In response to a request from staff to ameliorate sterile environments, a series of flora and fauna watercolour paintings, transferred to decal, have been installed in patient facing areas across St Vincent’s Health Network Sydney (SVHS).
The recent renovation of the Emergency Department(ED) at SVHS in Darlinghurst, connects ED, Psychiatric and Drug and Alcohol services to better manage and treat the complexity of patients presenting to ED. With a heavy focus on prioritising safety measures, the rooms have been designed in a minimalist way, with stark white walls and weighted “no-throw” furniture.
Staff approached the Director of Mission and Inclusive Health and the art curator in the hope artworks could be added to create a more welcoming environment. Traditional artworks were not possible due to the potential to be weaponised and difficult to clean, so decals were suggested as a means to add imagery while meeting clinical and risk restrictions.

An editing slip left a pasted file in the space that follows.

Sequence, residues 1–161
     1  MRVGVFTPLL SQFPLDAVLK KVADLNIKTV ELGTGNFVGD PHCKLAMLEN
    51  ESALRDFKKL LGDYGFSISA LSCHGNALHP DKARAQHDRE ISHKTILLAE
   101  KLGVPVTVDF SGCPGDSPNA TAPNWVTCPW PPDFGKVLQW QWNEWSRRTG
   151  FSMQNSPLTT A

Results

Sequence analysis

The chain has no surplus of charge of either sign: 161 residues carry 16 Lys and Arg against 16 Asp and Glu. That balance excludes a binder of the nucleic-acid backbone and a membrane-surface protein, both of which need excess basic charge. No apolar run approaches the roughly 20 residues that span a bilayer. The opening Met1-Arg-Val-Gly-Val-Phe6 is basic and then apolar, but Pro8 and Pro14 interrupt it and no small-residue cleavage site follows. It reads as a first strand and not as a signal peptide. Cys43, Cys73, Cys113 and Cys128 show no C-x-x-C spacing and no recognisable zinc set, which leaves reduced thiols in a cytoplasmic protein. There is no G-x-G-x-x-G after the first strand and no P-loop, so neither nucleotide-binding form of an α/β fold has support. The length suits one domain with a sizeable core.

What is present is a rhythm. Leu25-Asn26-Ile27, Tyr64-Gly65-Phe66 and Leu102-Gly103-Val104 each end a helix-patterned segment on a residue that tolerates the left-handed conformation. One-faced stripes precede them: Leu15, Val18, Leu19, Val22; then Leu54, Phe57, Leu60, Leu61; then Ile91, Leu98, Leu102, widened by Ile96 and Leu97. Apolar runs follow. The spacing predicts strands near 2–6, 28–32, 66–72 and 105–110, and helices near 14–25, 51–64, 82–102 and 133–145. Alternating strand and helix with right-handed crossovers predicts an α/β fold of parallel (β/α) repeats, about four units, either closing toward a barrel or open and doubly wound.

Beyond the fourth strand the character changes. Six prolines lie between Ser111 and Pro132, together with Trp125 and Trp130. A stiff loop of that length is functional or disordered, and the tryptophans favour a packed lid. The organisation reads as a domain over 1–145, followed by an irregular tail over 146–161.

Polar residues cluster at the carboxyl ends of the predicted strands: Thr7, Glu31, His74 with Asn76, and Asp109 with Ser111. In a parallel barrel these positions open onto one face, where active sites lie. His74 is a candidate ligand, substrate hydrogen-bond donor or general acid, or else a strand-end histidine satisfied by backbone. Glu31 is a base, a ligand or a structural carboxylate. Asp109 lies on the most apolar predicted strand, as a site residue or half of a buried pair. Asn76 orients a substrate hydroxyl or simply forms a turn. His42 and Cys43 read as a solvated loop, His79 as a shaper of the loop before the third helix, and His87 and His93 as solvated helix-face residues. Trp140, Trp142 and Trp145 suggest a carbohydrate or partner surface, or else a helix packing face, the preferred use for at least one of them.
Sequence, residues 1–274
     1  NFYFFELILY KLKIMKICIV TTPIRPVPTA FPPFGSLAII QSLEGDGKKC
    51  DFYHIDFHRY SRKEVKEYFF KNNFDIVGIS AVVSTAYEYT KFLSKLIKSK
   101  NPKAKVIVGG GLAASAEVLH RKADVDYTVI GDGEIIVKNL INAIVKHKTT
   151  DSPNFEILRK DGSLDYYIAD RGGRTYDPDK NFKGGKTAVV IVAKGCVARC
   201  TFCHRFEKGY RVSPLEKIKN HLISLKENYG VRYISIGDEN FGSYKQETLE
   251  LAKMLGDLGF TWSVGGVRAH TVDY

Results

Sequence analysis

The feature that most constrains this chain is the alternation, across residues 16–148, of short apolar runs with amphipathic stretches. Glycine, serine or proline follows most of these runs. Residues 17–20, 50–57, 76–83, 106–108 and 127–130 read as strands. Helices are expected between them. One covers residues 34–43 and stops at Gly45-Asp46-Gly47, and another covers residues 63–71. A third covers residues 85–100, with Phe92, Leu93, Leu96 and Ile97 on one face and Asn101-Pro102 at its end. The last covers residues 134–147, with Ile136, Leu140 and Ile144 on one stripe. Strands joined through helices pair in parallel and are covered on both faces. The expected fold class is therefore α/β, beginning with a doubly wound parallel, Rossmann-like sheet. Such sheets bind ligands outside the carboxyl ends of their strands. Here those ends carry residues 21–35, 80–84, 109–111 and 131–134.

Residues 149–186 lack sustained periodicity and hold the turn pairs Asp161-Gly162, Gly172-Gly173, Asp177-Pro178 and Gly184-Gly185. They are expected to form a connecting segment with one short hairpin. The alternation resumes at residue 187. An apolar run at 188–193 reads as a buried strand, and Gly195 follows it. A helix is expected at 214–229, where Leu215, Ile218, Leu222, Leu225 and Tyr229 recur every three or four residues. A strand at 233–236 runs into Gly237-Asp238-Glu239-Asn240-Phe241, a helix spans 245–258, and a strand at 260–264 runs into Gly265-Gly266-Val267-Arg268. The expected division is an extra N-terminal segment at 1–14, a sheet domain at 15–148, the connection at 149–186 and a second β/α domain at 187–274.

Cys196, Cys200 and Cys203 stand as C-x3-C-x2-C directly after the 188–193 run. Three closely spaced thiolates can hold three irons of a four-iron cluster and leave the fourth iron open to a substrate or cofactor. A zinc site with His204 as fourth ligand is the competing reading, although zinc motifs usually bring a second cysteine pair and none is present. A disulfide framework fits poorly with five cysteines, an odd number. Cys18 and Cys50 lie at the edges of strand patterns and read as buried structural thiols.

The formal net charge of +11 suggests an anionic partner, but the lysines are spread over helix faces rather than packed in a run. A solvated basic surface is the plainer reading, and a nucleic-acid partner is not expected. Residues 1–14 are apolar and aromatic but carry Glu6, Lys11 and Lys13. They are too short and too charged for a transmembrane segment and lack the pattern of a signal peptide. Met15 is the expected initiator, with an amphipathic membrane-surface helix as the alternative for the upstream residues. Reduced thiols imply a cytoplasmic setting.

It was decided to use plant imagery on the decals after reviewing the research on the inclusion of biophilia in the health setting. This research conclusively shows the benefits, but clinical and practical requirements do not often allow the incorporation of plants in hospital spaces.
The art curator invited artist Jen McLennan and staff from the newly built Psychiatric and Emergency Care Centre (PECC) to undertake a co design session to determine plant type, colour palette, tone, size and inclusion of fauna. The workshop, designed in part by an engagement design specialist, encouraged participants to link emotive experiences to plant types and colour palettes. The process led to the project focusing on Australian native flora with a blue toned colour palette of leafy plants for the psychiatric areas, while colourful elements including flowers, native birds and butterflies could be used in other spaces.
27 individual plants, bird and butterfly images were painted, scanned and printed on clear vinyl, which can be installed as individual pieces or combined to create a natural scene. The project to date has been installed in PECC Safe Assessment Space and interview rooms, Outpatients transfusion rooms, Immunology Outpatients examination rooms, podiatry rooms, St Joseph’s Auburn waiting room and the mobile clinic van. As more spaces within the health network utilise the images created from this project, and patients and staff have had time to register the effects and impact of the work, an evaluation survey will be implemented. This will aim to better measure the potential wellbeing outcomes from the incorporation of biophilic imagery that meets risk and clinical requirements.